Post-menopause. Post is any time after you’ve marked those 12 consecutive months without a period. The time after can be separated into two stages: early post-menopause and late post-menopause. 

Early post-menopause is when your body is working towards its new normal, ovaries have ceased ovulation and estrogen levels are falling (but not necessarily smoothly!). 

Late post-menopause is when your body has found a new normal with essentially no estrogen production and generally (generally!) symptoms go away. Late post-menopause is what commonly think of when we talk about menopause.

The distinction between peri, early post- and later post- is a not a matter of linguistic gymnastics. They are distinct because the underlying hormonal profiles are distinct through the different stages of menopause. It is an essential categorization that will help foster self-awareness and guide treatment of perimenopause and menopause symptoms. The more consistent we get, the better we all are.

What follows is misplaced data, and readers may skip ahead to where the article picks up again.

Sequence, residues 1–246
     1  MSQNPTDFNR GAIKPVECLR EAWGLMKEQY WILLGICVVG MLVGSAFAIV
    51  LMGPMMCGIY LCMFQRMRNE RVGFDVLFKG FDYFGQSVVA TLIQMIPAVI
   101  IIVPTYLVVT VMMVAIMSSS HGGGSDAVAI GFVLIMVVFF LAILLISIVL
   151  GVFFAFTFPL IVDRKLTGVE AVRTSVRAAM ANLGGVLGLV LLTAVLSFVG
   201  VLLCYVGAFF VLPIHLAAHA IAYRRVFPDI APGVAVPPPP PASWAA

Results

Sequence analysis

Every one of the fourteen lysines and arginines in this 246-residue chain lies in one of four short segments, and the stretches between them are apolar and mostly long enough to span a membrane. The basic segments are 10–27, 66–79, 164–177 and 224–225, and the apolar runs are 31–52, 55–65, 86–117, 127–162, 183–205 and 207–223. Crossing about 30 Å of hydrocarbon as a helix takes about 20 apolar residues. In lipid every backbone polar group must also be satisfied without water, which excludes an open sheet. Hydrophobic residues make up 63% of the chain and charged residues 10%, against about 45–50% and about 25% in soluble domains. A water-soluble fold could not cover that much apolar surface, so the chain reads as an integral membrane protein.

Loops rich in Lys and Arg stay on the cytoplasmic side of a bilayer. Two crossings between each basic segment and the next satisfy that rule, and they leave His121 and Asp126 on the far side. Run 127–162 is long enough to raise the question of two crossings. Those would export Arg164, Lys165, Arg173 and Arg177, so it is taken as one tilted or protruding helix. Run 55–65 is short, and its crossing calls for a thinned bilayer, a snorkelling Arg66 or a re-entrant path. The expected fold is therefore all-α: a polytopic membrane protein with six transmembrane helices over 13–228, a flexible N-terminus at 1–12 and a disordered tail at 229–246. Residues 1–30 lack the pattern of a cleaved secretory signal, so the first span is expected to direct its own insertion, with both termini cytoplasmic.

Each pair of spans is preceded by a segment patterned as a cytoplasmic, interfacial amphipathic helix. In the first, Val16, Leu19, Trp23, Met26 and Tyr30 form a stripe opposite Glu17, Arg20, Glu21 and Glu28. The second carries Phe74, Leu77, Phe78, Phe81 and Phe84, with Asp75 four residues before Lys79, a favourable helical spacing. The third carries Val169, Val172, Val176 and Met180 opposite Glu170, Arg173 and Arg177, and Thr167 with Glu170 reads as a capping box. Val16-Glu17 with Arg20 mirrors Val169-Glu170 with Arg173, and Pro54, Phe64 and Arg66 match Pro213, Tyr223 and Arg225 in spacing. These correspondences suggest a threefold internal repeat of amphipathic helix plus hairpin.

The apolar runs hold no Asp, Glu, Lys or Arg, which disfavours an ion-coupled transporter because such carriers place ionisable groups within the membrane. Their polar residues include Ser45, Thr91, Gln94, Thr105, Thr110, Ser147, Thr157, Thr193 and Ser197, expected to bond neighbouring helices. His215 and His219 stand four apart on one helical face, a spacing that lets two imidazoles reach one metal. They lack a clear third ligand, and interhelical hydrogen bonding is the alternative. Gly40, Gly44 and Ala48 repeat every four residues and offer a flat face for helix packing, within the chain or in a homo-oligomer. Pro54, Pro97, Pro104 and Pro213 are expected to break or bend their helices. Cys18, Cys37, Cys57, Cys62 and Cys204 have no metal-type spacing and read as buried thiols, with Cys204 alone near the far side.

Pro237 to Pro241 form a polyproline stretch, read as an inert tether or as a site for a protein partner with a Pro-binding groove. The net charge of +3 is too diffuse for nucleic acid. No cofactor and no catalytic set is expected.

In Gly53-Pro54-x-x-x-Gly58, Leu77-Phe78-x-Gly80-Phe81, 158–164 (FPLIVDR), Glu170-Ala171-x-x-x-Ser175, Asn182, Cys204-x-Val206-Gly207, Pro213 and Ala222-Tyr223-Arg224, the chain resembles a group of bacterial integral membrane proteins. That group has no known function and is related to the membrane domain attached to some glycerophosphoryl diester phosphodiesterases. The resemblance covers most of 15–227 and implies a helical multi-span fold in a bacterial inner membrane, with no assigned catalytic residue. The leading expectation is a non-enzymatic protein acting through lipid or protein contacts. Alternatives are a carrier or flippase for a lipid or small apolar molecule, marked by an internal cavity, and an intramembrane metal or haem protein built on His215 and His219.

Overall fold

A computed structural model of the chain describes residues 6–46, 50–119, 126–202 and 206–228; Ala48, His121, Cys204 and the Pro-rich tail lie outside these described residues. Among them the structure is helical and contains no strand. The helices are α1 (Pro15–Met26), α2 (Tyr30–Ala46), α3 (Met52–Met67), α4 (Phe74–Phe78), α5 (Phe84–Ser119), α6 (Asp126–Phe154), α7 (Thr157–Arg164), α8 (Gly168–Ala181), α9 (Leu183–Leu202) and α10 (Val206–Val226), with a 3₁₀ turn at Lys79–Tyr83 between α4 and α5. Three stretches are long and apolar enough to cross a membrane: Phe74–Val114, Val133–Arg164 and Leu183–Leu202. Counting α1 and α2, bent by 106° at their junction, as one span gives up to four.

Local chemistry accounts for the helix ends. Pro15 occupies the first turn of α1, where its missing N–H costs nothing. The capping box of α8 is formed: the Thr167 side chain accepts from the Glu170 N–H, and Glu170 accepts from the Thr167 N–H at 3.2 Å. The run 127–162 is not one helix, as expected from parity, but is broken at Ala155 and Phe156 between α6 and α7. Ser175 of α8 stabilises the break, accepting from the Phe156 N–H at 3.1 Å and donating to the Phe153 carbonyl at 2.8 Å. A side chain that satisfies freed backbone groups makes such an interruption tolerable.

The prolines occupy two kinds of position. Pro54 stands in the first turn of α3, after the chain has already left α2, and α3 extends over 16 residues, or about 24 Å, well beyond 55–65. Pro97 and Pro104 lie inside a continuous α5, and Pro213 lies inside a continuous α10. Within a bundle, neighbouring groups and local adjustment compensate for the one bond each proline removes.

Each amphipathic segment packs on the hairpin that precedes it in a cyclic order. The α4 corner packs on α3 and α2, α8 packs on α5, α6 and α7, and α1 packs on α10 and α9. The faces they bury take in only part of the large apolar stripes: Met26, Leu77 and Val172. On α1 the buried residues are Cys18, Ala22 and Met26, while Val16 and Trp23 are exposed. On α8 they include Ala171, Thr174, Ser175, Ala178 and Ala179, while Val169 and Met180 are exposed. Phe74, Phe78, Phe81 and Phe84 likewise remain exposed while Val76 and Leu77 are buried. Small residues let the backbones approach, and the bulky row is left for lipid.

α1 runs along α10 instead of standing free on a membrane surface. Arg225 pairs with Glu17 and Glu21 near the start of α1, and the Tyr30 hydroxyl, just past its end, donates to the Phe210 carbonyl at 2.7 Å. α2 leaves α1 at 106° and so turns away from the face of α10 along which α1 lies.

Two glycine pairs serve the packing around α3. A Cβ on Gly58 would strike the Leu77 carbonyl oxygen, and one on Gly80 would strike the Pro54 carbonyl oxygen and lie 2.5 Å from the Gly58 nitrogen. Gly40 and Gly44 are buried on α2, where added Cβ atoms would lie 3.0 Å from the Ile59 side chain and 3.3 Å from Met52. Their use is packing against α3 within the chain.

Let’s talk perimenopause. And, perimenopause symptoms.

First, let’s just clarify again. Menopause is the cessation of menstruation. Pre-menopause is the span of years leading up to that. Post-menopause is the time after that. That’s it. I mean, it’s kinda complicated but it’s also kinda simple.

Second, remember that hormones are always in flux – hour by hour, day by day, month by month, year by year, phase by phase.  As women age, our hormonal profiles change during pre-menopause in a fairly predictable way – moving our bodies toward menopause. Yes, all women are different but we are all kind of the same.